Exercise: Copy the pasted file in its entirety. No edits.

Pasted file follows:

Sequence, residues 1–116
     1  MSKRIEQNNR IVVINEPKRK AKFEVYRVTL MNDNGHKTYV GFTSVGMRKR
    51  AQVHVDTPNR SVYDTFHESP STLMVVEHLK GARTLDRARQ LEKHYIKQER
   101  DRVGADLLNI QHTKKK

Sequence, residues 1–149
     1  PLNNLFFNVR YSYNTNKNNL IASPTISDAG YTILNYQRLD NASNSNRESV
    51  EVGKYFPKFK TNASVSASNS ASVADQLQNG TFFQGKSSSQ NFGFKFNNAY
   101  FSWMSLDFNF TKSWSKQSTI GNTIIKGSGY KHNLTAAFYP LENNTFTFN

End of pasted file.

Sequence, residues 1–116
     1  MSKRIEQNNR IVVINEPKRK AKFEVYRVTL MNDNGHKTYV GFTSVGMRKR
    51  AQVHVDTPNR SVYDTFHESP STLMVVEHLK GARTLDRARQ LEKHYIKQER
   101  DRVGADLLNI QHTKKK

Sequence, residues 1–149
     1  PLNNLFFNVR YSYNTNKNNL IASPTISDAG YTILNYQRLD NASNSNRESV
    51  EVGKYFPKFK TNASVSASNS ASVADQLQNG TFFQGKSSSQ NFGFKFNNAY
   101  FSWMSLDFNF TKSWSKQSTI GNTIIKGSGY KHNLTAAFYP LENNTFTFN